Industry Leader Forum: AXA Equitable Life Insurance Company

A New Year’s Way to Engage People on the Topic of Life Insurance. We face a fundamental challenge in 2012: ongoing economic uncertainty. Life insurance ownership is at a low. LIMRA says 95 million adult Americans have no life insurance. Many who do, don’t have enough. Yet market volatility, the real estate collapse and high unemployment have increased the need for guaranteed financial protection. Less attractive now are promises of higher returns from riskier asset classes.
The current economic climate has Americans focused on necessities, but viewing life insurance as a low priority creates additional risks. People faced with rebuilding assets also need protection against losses. Savers are torn between equity growth and equity volatility. The good news is that product innovation over the past two years addresses some of these conflicts.
Innovative riders on some variable universal life (VUL) policies, for example, help stabilize investments within the product. New options can help clients focus on the long term by removing the concern of short term drops in returns, providing some equity exposure but with a downside floor and a cap on the upside. This can help individuals put money to work for death benefit protection and potential growth toward other financial goals, making them more apt to consider life insurance.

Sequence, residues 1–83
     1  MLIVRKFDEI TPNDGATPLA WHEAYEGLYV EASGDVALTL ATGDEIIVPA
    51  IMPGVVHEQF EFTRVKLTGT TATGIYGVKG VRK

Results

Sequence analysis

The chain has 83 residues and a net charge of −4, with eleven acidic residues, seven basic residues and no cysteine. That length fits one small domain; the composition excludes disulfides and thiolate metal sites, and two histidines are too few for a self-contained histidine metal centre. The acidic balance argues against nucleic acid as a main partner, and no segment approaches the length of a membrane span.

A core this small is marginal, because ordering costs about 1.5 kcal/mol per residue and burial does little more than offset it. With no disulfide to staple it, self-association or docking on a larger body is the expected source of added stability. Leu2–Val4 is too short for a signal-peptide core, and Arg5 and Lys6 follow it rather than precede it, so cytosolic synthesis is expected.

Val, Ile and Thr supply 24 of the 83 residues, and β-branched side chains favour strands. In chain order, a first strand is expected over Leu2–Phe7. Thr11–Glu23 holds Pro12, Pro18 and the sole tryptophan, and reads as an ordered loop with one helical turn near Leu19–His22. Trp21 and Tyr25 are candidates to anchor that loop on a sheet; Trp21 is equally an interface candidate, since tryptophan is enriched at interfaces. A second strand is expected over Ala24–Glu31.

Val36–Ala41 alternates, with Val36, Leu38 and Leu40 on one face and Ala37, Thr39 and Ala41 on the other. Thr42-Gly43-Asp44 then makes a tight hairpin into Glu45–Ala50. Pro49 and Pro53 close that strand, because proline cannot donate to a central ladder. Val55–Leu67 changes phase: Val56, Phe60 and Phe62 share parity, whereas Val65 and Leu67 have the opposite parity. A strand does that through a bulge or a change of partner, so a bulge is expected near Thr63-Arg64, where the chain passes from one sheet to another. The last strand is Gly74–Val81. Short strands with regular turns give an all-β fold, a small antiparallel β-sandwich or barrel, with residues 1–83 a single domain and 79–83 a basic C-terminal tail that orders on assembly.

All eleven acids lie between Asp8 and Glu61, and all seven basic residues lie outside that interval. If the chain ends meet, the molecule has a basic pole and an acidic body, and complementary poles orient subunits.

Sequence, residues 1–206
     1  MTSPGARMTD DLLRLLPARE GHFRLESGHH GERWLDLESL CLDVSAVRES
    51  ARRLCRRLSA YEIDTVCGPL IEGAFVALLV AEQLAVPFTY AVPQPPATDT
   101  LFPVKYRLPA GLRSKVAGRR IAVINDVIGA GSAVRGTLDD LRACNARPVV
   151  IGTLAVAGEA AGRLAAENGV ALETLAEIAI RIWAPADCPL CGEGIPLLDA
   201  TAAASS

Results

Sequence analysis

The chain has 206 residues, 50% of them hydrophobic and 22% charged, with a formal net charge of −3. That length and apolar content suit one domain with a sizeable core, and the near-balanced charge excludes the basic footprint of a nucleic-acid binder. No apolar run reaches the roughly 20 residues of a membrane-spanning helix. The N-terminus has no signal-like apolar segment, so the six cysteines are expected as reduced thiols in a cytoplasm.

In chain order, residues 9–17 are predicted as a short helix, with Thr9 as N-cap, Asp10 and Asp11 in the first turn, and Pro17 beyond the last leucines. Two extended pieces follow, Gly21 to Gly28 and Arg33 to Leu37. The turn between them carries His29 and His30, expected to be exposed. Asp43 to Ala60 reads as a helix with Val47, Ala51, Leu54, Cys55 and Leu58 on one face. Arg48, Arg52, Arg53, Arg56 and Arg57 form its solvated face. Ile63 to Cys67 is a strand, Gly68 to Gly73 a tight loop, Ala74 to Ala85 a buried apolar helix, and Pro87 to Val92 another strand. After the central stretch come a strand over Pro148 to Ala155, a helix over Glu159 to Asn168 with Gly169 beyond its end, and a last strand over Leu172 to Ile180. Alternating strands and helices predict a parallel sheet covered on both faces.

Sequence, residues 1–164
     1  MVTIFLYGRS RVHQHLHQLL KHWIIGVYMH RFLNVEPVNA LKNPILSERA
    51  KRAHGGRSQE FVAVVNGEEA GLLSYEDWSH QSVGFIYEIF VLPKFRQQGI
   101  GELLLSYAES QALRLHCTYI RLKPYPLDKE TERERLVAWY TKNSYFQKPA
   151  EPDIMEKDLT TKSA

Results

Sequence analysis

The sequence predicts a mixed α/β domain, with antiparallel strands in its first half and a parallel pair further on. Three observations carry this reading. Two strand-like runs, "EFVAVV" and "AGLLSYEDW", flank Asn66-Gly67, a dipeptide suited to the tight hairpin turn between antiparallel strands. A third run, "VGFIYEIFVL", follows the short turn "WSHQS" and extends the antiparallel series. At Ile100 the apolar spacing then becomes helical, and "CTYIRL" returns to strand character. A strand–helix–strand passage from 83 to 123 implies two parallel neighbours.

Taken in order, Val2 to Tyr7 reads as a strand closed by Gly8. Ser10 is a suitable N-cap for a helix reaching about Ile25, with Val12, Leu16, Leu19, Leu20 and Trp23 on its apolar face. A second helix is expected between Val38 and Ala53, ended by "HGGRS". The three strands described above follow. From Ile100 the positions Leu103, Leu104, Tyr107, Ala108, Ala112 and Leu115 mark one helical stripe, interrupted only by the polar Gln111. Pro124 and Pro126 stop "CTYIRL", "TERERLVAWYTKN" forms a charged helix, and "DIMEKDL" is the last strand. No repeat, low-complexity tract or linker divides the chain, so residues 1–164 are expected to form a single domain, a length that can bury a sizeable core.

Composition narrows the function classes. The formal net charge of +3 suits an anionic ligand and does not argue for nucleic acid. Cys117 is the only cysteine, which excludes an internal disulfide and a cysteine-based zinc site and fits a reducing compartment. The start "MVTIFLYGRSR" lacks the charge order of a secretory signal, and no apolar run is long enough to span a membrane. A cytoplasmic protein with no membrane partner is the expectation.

New products alone won’t turn the tide. Even in a strong economy, life insurance wasn’t necessarily viewed as a priority in our culture of consumption. Perceived complexity adds to the problem.
Challenges, however, breed creativity and opportunity. Insurance carriers and producers are putting themselves in the shoes of those who need to understand life insurance and are finding new ways to get people comfortable with this inherently uncomfortable topic. Traditional marketing methods—direct marketing, sponsorships, sales campaigns and collateral—remain the foundation of marketing communications, but we need to leverage new technology.
Social Media Enhances Client Interaction. Insurance carriers must adapt to clients’ growing reliance on social networking to gather information about who we are, what we stand for, how our products might fit their needs, and why they might choose us.